THE big two supermarkets could have some explaining to do after North Queensland-based senator, Susan McDonald called for representatives of Coles, Woolworths to face a public hearing in Canberra to explain why they pay Queensland farmers less for their milk than what it costs to produce.
Senator McDonald made the request today after writing to the heads of the big two supermarkets, asking them to start paying farmers a fair price.
A Woolworths spokesperson said the company had not received a request or invitation to attend a hearing.
"We will wait to receive a request, with the relevant terms of reference as well as a date and time, before determining if we're in a position to attend," he said.
"Woolworths did meet with the Senator earlier this week to outline its position on dairy and detail the measures put in place to support those affected by drought."
The spokesman said questions about pricing were best directed to the dairy processors who negotiated farmgate prices with dairy farmers independent of retail prices.
"We've been taking steps to support a more sustainable dairy industry while the Federal government works to deliver the evidence-based structural reform the ACCC recommended following its 18-month inquiry," he said.
"Since September 2018, our drought levy has contributed an extra $29m in relief to more than 450 Australian dairy farmers.
"On top of the levy, we have also agreed to wholesale cost increases from milk processors across the dairy cabinet in response to rising farmgate prices."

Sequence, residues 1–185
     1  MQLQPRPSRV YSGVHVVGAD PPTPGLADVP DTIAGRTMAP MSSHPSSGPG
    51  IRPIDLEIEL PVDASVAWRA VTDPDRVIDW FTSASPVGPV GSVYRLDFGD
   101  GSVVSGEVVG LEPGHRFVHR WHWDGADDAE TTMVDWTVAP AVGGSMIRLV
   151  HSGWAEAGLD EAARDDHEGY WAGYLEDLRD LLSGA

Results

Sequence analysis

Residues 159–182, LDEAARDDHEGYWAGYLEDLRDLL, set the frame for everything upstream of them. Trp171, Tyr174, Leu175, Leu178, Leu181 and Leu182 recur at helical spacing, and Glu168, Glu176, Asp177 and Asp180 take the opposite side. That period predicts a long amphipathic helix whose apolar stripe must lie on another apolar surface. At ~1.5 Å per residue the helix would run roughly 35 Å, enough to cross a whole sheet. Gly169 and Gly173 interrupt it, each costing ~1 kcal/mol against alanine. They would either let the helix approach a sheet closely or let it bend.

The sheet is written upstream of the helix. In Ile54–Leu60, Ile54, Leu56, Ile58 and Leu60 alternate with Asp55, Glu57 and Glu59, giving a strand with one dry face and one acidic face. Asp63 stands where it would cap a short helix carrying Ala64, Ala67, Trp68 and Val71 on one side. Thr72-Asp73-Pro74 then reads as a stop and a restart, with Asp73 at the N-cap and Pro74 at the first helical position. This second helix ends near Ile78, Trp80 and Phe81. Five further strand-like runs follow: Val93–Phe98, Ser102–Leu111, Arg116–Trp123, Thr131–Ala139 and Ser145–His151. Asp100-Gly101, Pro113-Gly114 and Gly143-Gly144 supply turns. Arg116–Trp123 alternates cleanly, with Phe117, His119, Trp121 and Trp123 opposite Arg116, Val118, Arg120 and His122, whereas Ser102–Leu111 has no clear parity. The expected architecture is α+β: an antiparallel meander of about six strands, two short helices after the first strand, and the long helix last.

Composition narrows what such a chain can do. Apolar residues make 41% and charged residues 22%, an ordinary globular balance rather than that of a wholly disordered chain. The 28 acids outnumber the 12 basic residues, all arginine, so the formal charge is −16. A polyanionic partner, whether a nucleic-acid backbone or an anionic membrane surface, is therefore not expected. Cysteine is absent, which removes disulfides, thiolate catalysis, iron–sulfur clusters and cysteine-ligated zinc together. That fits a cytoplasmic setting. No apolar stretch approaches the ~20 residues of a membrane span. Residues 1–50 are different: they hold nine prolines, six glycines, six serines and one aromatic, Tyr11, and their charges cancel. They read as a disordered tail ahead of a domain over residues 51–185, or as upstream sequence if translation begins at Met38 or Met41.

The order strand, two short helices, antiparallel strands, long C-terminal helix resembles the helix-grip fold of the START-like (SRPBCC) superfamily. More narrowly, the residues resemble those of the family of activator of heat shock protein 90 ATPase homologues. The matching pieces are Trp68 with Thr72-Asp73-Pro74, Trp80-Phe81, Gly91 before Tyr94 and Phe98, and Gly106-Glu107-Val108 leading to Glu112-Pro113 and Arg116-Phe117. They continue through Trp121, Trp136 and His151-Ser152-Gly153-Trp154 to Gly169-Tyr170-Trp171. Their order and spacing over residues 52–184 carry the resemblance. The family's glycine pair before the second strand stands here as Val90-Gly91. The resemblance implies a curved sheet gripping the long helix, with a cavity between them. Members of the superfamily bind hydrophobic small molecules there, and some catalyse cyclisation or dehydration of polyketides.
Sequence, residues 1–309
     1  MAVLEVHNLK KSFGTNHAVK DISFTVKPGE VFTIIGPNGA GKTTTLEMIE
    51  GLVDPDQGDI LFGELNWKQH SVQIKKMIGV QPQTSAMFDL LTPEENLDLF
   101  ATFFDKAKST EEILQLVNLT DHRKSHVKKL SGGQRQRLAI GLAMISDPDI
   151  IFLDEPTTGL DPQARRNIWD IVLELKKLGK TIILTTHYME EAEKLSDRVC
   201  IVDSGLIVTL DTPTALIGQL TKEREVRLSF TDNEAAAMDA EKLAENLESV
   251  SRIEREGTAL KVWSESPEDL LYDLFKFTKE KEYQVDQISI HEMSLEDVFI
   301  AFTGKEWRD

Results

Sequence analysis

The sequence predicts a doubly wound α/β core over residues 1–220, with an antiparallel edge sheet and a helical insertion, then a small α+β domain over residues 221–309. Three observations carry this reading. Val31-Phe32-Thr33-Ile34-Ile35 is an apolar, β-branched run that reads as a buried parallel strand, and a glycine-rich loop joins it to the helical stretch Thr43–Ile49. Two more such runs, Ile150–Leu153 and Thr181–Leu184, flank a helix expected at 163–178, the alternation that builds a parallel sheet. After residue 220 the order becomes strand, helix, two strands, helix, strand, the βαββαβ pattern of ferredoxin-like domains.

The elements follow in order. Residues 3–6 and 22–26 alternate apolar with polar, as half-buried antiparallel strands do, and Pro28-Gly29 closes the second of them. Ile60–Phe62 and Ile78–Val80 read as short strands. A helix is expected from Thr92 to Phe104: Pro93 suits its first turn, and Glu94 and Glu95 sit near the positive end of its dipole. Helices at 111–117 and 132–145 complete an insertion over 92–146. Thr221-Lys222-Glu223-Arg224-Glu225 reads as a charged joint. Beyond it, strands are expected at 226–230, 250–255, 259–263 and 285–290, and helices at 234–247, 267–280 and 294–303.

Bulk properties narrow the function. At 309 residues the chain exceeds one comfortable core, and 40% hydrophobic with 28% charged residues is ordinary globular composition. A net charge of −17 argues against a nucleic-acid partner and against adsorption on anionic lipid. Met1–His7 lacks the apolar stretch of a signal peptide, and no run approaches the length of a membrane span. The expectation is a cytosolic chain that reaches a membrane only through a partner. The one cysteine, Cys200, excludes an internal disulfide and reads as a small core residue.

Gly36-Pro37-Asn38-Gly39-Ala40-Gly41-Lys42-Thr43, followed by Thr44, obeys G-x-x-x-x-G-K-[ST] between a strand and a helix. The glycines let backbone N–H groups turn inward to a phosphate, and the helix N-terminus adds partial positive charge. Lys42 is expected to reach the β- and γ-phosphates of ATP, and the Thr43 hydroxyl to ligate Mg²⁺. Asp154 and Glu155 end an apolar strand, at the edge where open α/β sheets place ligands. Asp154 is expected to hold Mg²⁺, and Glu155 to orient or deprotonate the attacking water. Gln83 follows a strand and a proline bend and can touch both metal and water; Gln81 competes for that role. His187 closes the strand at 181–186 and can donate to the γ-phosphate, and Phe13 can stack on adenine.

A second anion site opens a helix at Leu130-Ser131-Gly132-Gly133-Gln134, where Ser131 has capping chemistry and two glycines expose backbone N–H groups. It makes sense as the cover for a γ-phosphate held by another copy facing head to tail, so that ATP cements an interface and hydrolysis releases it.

Coles was also contacted for comment but did not respond by deadline.
Scenic Rim dairy farmer Kay Tommerup agreed with supermarkets being called to account and said the problems faced by dairy farmers stemmed from the industry being undervalued.
"I get annoyed when I see signs on the cash registers in Coles asking customers to 'donate' to farmers," she said.
"We are not charity cases, all we want is to be paid a fair price for our product.
"The drought hasn't caused the problems we're having, it has exacerbated the real cause, which is the undervaluing of the industry by supermarkets.
"I think they saw us as an easy target to make themselves look good and now everyone expects to pay less because they put such a low value on milk."
Queensland Dairyfarmers' Organisation president Brian Tessman said QDO supported the senator's efforts.
"It's great to see Senator McDonald and the LNP taking such an active role in sorting out the dairy industry," he said.
"While we were able to get $1/L milk removed from supermarket shelves earlier this year, that was not, and should never have been thought to be the end of it all.
"Retailers have slipped through the net in being held accountable through the Mandatory Code of Conduct.
"They have a commercial and ethical responsibility to their suppliers and customers, to ensure fresh milk can be produced in Australia for years to come."
Also read:Coles to buy milk directly from farmers
Senator McDonald said the Morrison government was currently finalising a Dairy Code of Conduct that aimed to protect dairy farmers from unscrupulous supply agreements that locked farmers into selling milk for less than it costs to produce, but she urged the supermarkets to pre-empt the code and lift their prices.
After meeting with dairy farmers from southern and northern Queensland and speaking to the ACCC about barriers to imposing a government-legislated floor price for milk, Senator McDonald said supermarket giants needed to "find a moral backbone".
"While farmers have been publicly suffering, the silence from Coles and Woolworths has been deafening," she said.
"These supermarkets constantly advertise how virtuous they are by sourcing ethical coffee, dolphin-free tuna and RSPCA-approved chickens, but the farmers and the Australian public deserve to know what ethical standards are being applied when Queensland's dairy industry is being pushed to the wall by shameful buying practices.